Celtic and Glasgow City are likely to be their biggest challengers. City have gone global again with their signings – Mexican forward Desiree Monsivais, USA defender Erin Greening, New Zealand defender Meikayla Moore and Turkish midfielder Dilan Bora have all made their way to Petershill Park.

Celtic surprisingly have not been as busy. Shen Menglu, Amy Gallacher, Liv Fergusson and Lucy Ashworth Clifford have checked in, while defenders Cheyenne Shorts and Jodie Bartle have departed.

But after winning the domestic cup double last season, and with key quartet Jacynta, Chloe Craig, Caitlin Hayes and Kelly Clark all signing new deals this summer, head coach Fran Alonso clearly believes he has the basis of a side ready to go for the big one.

Can Scotland make their mark in Europe?

In August, two sides again try to navigate their way through the Champions League qualifiers.

It is Rangers’ first stab at it, and they have a trip to the sweltering heat of Greece for their four-team mini-tournament.

They first face Hungarians Ferencvaros, and should they win that then the winners of hosts PAOK’s game with Swansea City await.

For Glasgow City, they have a huge task against Serie A giants Roma. Pull off victory against their illustrious rivals and they have a potential rematch with Swiss side Servette – who knocked them out last season – or Paris FC.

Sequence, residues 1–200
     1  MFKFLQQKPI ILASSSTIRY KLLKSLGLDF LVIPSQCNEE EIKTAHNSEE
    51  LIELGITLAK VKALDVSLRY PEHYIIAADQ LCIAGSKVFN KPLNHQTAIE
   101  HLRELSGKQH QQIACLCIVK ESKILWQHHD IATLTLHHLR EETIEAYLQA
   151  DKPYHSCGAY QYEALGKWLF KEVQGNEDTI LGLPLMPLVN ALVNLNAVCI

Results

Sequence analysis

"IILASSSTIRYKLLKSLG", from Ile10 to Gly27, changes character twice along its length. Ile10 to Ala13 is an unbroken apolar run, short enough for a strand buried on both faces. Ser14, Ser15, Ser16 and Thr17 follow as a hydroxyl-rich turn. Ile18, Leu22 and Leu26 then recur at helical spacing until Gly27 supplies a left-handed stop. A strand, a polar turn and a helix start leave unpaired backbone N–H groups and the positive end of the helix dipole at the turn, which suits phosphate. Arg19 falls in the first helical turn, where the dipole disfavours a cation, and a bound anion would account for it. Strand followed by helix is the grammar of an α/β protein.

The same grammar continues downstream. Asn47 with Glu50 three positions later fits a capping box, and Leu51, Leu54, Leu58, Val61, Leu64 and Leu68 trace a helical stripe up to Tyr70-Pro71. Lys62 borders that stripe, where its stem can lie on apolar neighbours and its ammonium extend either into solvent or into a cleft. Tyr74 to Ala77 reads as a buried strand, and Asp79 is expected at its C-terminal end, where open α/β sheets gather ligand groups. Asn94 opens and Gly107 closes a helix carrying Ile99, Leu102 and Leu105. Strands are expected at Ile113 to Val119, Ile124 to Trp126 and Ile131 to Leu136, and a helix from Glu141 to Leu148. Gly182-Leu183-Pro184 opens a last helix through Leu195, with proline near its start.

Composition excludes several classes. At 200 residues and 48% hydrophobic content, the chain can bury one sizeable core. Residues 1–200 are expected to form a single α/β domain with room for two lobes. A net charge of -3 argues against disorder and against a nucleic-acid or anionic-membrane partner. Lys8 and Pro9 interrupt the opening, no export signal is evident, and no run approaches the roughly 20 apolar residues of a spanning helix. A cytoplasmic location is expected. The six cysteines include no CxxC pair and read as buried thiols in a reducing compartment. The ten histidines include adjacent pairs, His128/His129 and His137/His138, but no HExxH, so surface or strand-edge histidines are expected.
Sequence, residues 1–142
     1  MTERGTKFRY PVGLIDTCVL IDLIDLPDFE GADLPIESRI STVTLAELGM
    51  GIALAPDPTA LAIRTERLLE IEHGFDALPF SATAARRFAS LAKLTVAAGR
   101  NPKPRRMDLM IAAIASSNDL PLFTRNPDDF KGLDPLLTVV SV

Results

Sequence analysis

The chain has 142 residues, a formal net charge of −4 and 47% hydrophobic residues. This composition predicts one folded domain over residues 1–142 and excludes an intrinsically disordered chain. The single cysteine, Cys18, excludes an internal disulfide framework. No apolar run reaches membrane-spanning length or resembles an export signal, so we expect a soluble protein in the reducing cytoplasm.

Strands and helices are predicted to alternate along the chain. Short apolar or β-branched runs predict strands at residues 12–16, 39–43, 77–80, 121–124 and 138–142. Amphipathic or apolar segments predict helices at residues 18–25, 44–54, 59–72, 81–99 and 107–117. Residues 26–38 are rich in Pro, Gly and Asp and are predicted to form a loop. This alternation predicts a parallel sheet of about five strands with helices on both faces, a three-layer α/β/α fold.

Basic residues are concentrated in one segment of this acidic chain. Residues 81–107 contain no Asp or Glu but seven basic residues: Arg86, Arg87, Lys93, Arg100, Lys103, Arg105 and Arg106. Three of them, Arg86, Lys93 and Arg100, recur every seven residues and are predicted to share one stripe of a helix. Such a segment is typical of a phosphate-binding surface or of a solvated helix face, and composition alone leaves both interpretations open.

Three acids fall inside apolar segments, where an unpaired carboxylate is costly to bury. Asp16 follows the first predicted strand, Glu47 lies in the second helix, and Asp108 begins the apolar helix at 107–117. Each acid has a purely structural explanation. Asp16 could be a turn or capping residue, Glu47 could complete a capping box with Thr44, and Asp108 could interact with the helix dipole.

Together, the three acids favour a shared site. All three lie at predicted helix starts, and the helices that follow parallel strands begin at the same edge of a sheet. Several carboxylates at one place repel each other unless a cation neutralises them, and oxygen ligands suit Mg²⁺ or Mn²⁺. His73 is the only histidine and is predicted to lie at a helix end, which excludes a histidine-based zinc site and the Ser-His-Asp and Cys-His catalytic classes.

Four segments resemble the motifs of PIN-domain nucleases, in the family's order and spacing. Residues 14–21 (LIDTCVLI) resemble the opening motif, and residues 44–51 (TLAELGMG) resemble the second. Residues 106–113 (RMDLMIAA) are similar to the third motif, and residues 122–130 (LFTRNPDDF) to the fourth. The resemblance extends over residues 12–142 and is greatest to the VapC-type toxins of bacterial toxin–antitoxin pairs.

What Eileen Gleeson’s side do have in their favour though is home advantage, as City will host their mini-tournament.

Should either Scottish side make it past the first hurdle, they will face a two-legged tie in qualifying round two, with the winners progressing to the 16-team group stage that starts in October.

Can anyone outside Glasgow win silverware?

A combined crowd of 9,020 attended the two Edinburgh derbies held at Easter Road and Tynecastle last season

Hibernian will, as ever, be intriguing. Fourth last season, they have announced full-time contracts to players this summer which should, on paper, make them more competitive against the three Glasgow sides who finished above them.

Having lost Cavanagh and Gallacher to either side of the Old Firm, while the influential Rachael Boyle is out of action this season as she awaits the birth of her second child, there are gaping holes in the team to be filled.

But they have attempted to fix that with Swedish forward Nor Mustafa, Norwegian goalkeeper Benedicte Haland and Liverpool loanee Lucy Parry among those arriving in Leith.

Aberdeen impressed after promotion by finishing in the top half of the table, although only defender Eirinn McCafferty has been added, with co-managers Emma Hunter and Gavin Beith looking instead towards their youth system.

Hearts, after a season of transition under Spaniard Eva Olid, have moved to a semi-professional set-up, with key additions such as ex-Hibee Emma Brownlie and New Zealand’s Katie Rood. Their semi-professional status follows a similar announcement by Edinburgh rivals Spartans.

Motherwell have strengthened with Emily Mutch, Brogan Anderson and Lucy Ronald all standouts at their former clubs.

Dundee United and Glasgow Women – who face Rangers in their opener on Sunday – are the promoted sides and face a baptism of fire in the top flight.